item10 p6 item11 p7

Photo 6 shows a pale and dying urethral process (pizzle). Another day longer and the urethral process (pizzle) would be dark purple or black as the tissue continues to die. To remove this blocked and dying urethral process get some sharp cuticle scissors and in one quick snip remove the urethral process (pizzle) where it joins the end of the goats penis. There will be very little bleeding if done correctly. Be prepared to possibly be sprayed with urine when the pizzle is removed. It won’t always happen but more likely than not you will see immediate relief and a urine flow. Make sure that the goat is up-to-date on his tetanus vaccination. If he isn’t be sure to give him a tetanus anti-toxin shot. (p7)

item12 p8

Photo 8 shows the removed urethral process (pizzle) as well as stones. This particular pizzle was packed solid with stones. You can see some of the stones looking like tiny grains of sand on the fingertips.

You will need to treat the goat daily with ammonium chloride, mixing the product with juice to help mask the harsh taste and drench them. Dosage for a 75lb male is as follows:

1 teaspoon every 12 hours for 2 days, then

_ 1/2 teaspoon every 12 hours for 3 days, then

_1/2 teaspoon once a day for 3 days

_1/4 teaspoon once a daily as a preventative

You would need to consult with your veterinarian for dosages otherwise for a smaller or larger goat.

Bucks without their urethral process won’t be as heavily marked during rut season with urine spray. During ejaculation, the urethral process (pizzle) is believed to spray semen on the external uterine orifice. For those producers with a breeding buck that has lost his urethral process (pizzle) there is no evidence that removal of the urethral process impairs fertility in goats according to the reference book “Goat Medicine” written by Mary C. Smith, DVM and David M. Sherman, DVM.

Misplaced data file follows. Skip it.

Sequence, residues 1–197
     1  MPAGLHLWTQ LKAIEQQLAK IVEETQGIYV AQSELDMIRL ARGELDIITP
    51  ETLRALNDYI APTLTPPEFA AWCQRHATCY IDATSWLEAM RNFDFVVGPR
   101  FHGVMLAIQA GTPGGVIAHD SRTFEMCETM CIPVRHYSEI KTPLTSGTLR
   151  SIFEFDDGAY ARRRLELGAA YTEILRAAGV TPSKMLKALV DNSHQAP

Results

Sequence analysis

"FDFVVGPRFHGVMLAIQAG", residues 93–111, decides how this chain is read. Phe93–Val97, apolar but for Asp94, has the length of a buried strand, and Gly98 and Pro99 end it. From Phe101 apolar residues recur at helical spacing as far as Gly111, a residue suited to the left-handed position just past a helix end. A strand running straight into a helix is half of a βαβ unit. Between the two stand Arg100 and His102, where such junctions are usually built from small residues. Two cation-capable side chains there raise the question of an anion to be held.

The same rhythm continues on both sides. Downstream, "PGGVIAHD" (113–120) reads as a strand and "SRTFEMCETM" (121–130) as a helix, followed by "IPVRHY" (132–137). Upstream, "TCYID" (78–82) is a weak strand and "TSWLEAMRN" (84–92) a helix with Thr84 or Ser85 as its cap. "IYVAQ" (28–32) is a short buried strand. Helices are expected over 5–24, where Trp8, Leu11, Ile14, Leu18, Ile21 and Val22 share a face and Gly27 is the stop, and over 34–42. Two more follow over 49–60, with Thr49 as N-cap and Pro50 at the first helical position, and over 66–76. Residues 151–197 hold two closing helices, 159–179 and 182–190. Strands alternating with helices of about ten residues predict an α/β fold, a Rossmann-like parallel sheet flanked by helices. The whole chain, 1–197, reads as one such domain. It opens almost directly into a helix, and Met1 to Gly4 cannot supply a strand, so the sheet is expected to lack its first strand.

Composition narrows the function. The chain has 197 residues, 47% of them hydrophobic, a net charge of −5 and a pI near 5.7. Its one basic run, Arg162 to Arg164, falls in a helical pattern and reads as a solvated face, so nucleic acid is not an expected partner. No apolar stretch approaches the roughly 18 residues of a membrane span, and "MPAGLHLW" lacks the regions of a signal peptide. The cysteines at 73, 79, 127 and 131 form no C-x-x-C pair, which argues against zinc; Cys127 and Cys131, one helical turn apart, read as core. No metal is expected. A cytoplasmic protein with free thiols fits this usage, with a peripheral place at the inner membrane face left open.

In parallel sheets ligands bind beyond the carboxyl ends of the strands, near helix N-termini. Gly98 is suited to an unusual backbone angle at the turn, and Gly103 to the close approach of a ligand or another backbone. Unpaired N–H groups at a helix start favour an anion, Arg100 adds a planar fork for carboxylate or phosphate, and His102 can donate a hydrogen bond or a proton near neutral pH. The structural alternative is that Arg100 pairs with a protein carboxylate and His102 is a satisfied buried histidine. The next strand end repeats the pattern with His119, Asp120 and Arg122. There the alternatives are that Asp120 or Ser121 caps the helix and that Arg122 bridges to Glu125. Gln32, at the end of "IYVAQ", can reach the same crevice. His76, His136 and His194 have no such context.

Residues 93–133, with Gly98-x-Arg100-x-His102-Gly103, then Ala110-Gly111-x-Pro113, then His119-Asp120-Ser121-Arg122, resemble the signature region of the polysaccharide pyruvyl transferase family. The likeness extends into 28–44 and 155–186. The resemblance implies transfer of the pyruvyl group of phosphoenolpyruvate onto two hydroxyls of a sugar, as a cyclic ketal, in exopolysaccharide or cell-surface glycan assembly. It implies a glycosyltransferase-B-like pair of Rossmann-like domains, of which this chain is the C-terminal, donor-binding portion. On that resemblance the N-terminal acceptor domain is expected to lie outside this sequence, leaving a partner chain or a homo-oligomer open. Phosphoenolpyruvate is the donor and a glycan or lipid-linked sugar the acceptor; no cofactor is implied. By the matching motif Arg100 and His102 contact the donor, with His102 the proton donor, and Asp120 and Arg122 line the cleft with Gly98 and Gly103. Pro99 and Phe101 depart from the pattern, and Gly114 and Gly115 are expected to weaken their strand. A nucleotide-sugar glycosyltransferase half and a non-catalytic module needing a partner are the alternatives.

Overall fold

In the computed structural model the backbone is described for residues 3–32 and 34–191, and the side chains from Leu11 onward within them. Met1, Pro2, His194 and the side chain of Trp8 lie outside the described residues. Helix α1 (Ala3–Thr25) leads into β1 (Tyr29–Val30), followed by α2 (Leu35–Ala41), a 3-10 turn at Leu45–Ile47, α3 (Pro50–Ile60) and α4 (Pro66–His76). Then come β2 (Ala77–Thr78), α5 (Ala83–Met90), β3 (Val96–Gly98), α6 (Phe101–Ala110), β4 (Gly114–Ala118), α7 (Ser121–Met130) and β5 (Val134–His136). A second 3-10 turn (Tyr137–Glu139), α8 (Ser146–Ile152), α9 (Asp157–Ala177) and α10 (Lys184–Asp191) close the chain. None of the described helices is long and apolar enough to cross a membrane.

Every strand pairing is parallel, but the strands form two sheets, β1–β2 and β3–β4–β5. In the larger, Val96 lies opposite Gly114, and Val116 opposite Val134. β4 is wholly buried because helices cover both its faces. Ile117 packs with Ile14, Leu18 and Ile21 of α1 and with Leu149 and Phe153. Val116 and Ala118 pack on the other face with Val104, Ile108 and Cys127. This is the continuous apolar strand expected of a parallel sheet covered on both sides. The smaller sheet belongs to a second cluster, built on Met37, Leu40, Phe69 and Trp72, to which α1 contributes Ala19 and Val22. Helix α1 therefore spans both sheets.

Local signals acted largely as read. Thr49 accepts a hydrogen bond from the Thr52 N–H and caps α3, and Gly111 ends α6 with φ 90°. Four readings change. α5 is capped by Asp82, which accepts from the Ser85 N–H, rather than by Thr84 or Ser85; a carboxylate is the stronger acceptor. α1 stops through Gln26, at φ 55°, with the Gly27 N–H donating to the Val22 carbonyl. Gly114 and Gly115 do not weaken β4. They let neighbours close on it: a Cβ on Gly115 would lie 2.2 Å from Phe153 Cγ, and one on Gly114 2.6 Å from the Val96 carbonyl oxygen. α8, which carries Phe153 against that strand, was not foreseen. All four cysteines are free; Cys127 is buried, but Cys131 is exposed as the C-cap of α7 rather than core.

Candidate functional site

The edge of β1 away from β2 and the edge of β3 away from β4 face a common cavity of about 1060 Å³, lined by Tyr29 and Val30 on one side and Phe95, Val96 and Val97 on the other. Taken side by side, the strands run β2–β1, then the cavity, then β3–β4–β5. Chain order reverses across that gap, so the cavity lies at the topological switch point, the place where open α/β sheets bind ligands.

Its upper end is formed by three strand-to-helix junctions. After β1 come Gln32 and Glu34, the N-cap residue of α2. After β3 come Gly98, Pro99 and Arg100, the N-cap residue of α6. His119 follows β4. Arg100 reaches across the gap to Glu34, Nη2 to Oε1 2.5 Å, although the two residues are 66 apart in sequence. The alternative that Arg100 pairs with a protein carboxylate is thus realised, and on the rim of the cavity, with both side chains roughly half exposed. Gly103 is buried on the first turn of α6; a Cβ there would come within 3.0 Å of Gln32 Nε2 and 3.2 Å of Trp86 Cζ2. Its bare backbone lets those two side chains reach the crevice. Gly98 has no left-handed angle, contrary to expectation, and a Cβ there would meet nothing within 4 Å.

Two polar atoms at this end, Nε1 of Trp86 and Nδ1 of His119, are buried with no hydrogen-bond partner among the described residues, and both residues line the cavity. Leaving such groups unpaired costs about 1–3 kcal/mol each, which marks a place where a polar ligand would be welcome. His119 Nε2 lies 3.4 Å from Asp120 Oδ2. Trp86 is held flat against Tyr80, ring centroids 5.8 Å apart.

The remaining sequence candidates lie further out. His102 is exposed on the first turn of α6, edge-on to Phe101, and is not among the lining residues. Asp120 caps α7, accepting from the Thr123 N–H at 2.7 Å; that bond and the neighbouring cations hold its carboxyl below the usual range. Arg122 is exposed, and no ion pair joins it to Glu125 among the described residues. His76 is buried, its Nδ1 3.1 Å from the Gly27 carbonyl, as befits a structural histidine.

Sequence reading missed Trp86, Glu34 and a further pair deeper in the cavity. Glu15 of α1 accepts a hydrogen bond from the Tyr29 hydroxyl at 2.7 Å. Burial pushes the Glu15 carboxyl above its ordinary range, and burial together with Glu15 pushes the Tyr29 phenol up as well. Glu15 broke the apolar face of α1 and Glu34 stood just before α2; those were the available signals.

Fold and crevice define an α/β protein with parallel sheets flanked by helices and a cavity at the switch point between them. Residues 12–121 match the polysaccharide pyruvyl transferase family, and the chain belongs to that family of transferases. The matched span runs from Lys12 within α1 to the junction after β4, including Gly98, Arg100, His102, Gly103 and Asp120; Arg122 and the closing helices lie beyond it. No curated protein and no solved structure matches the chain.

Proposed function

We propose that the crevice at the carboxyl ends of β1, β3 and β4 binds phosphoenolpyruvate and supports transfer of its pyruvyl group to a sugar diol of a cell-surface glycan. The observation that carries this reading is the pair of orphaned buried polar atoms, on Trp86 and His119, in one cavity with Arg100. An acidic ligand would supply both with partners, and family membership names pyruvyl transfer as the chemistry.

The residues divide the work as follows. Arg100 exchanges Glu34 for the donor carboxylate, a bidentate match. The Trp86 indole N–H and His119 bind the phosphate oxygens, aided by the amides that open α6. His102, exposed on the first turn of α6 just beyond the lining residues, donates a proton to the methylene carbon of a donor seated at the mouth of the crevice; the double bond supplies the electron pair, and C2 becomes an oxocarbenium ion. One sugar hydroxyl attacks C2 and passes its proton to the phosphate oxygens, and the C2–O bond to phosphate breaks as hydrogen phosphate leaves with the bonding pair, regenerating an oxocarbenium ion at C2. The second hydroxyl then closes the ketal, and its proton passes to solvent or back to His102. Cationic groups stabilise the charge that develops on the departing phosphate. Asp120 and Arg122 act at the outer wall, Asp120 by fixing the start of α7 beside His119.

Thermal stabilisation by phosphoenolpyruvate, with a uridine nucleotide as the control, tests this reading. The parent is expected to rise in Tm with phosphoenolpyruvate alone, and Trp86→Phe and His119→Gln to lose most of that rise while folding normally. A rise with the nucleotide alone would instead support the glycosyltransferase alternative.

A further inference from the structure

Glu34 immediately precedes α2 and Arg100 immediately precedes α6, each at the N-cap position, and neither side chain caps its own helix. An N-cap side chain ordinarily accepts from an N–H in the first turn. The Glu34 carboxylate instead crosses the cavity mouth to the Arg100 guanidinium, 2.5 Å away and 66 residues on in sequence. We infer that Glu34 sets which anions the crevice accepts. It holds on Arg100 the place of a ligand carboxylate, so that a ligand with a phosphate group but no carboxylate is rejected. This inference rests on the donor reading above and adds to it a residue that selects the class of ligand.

Pat Cotten © 2010
www.bendingtreeranch.com
bendingtreeranch@gmail.com

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All information provided in these articles is based either on personal experience or information provided by others whose treatments and practices have been discussed fully with a vet for accuracy and effectiveness before passing them on to readers.

In all cases, it is your responsibility to obtain veterinary services and advice before using any of the information provided in these articles. Suzanne Gasparotto is not a veterinarian.Neither tennesseemeatgoats.com nor any of the contributors to this website will be held responsible for the use of any information contained herein.

The author, Suzanne Gasparotto, hereby grants to local goat publications and club newsletters, permission to reprint articles published on the Onion Creek Ranch website under these conditions: THE ARTICLE MUST BE REPRODUCED IN ITS ENTIRETY AND THE AUTHOR'S NAME, ADDRESS, AND CONTACT INFORMATION MUST BE INCLUDED AT THE BEGINNING OF THE REPRINT. We would appreciate notification from any clubs or publications when the articles are used. (A copy of the newsletter or publication would also be a welcome addition to our growing library of goat related information!)